"My husband liked the name. He's a Carl, and he wanted something that also started with a C. And I also found out that his best friend's son is also named that. His middle name, Michael, is my father's name though," she said.

Sometimes people become part of a trend without even realizing it. Christy Hobbs, visiting from Enterprise, Ala., with her father, Warren Axton of Harlem, said she and her husband, Stan, named their daughter, who was born in July, Emily Danielle.

"Stan liked Danielle, and I liked Emma, so we compromised," she said. The couple had agreed on the name seven months before Emily was born. "It's just an old-fashioned name, it's not very trendy. Everyone is a Taylor or a Hanna," she said.

There are other surefire ways to insure uniqueness. Three years ago, Zentrell Carter and Adrian Best of Louisville named their daughter Zanbreunna.

"It's just a name that nobody has; it's not that popular," Ms. Best said. She said they settled on the name the day she was born. She's also expecting a boy any day now, and the couple plans to name him Zenquavious. Neither thought the names would have any unusual effect on them.

"People react to how people treat them, not their name. Too many people have names like Sally or Brenda; we just wanted to do something a little different," Mr. Carter said.

Mike Cambell, owner of www.behindthename.com, said it's not the name per se that gets people in trouble.

"I don't think it can have a major impact, but a person with a perhaps more uniquely spelled name might have a harder time in a job interview. Names that are spelled really creatively; it's been sort of looked down upon," he said.

"I liked having a unique name but I've heard some people hate it," Ms. Menckhoff said. "My mother got my name off the name tag from a shirt. Hey, it was California in the '70s."

BY THE NUMBERS

TOP 10 NAMES FOR 2002:

Boys: Jacob, Michael, Joshua, Matthew, Ethan, Joseph, Andrew, Christopher, Daniel, Nicholas

Girls: Emily, Madison, Hannah, Emma, Alexis, Ashley, Abigail, Sarah, Samantha, Olivia

TOP 10 FOR 2000

Boys: Jacob, Michael, Matthew, Joshua, Christopher, Nicholas, Andrew, Joseph, Daniel, Tyler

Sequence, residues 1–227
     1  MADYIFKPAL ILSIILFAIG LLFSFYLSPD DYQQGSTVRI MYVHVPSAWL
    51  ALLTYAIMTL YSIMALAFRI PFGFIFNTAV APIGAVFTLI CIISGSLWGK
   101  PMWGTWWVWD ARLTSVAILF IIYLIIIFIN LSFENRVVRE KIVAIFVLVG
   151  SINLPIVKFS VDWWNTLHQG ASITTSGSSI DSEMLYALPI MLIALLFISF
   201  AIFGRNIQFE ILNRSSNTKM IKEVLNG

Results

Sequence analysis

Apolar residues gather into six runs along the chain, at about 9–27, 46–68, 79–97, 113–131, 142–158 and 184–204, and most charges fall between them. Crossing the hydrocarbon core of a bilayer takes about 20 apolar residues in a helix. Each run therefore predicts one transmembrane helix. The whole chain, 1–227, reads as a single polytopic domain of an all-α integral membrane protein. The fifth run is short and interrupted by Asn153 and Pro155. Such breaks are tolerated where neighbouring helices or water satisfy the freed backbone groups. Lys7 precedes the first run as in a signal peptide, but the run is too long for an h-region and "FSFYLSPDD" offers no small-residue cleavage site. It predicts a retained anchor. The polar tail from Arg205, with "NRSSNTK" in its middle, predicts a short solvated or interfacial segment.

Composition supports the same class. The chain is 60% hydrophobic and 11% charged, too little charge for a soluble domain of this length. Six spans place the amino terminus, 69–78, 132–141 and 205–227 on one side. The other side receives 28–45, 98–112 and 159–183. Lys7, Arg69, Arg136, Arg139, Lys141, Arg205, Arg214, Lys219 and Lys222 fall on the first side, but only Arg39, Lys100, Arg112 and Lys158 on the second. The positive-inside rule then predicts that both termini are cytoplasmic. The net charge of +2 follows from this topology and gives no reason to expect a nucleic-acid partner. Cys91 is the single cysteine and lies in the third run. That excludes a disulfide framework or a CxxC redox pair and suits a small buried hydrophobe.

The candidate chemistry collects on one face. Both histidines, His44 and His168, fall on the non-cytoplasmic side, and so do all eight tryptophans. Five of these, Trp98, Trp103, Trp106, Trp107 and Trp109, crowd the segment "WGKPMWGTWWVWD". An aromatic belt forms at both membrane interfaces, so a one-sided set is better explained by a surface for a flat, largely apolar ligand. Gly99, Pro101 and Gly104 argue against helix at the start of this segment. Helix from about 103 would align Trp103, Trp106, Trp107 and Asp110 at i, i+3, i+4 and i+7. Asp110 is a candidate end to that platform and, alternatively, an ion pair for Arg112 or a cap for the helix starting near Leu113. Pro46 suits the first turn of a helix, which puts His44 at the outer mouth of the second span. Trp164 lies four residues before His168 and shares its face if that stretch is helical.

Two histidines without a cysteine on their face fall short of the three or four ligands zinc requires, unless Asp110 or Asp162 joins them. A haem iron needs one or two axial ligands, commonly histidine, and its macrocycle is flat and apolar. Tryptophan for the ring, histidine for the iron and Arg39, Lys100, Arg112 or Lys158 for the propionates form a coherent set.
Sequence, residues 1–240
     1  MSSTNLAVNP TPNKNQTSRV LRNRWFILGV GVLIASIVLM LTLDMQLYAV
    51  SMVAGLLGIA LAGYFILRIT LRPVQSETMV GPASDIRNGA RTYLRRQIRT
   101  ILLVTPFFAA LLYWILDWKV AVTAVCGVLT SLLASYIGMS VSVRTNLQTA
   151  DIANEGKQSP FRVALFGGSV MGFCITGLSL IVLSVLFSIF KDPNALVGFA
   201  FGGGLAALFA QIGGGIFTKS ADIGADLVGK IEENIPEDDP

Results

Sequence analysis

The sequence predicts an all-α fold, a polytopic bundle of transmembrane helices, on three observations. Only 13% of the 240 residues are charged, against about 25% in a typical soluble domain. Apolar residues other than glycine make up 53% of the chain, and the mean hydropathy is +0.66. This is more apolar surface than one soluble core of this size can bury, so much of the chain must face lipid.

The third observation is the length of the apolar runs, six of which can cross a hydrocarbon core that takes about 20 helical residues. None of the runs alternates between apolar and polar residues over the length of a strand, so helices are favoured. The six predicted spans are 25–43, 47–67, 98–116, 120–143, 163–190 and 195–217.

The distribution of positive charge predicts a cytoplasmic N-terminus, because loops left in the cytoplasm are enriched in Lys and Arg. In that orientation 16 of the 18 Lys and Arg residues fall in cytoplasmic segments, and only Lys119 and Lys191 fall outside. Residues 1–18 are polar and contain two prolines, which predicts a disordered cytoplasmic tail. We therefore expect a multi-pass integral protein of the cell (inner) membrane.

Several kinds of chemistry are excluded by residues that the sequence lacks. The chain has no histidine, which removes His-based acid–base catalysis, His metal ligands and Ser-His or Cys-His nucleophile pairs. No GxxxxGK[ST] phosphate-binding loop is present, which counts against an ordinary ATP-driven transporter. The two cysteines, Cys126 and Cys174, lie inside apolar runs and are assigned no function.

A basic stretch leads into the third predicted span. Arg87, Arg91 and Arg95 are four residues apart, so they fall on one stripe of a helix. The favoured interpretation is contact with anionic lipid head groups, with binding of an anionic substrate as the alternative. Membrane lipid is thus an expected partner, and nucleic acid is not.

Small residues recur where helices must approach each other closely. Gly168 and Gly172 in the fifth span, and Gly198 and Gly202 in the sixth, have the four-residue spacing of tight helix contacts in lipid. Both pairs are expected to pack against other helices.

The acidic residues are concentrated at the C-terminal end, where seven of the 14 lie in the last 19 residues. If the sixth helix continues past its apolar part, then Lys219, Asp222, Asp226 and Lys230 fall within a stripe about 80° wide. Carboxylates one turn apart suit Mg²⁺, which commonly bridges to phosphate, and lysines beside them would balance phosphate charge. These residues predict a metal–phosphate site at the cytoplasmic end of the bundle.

Girls: Emily, Hannah, Madison, Ashley, Sarah, Alexis, Samantha, Jessica, Taylor, Elizabeth

TOP 10 FOR THE '80S

Boys: Michael, Christopher, Matthew, Joshua, David, Daniel, James, Robert, John, Joseph

Girls: Jessica, Jennifer, Amanda, Ashley, Sarah, Stephanie, Melissa, Nicole, Elizabeth, Heather

TOP 10 FOR THE '60S

Boys: Michael, David, John, James, Robert, Mark, William, Richard, Thomas, Jeffrey

Girls: Lisa, Mary, Karen, Susan, Kimberly, Patricia, Linda, Donna, Michelle, Cynthia

TOP 10 FOR THE '40S

Boys: James, Robert, John, William, Richard, David, Charles, Thomas, Michael, Ronald

Girls: Mary, Linda, Barbara, Patricia, Carol, Sandra, Nancy, Judith, Sharon, Susan

TOP 10 FOR THE '20S

Boys: Robert, John, James, William, Charles, George, Joseph, Richard, Edward, Donald

Girls: Mary, Dorothy, Helen, Betty, Margaret, Ruth, Virginia, Doris, Mildred, Elizabeth

TOP 10 FOR THE 1900S

Boys: John, William, James, George, Joseph, Charles, Robert, Frank, Edward, Henry

Girls: Mary, Helen, Margaret Anna, Ruth, Elizabeth, Dorothy, Marie, Mildred, Alice

Figures from 1900 to 1989 are based on a 5 percent sampling of Social Security card applications from dates of birth from the first January through the last December of that decade.

Reach Patrick Verel at (706)823-3332 or patrick.verel@augustachonicle.com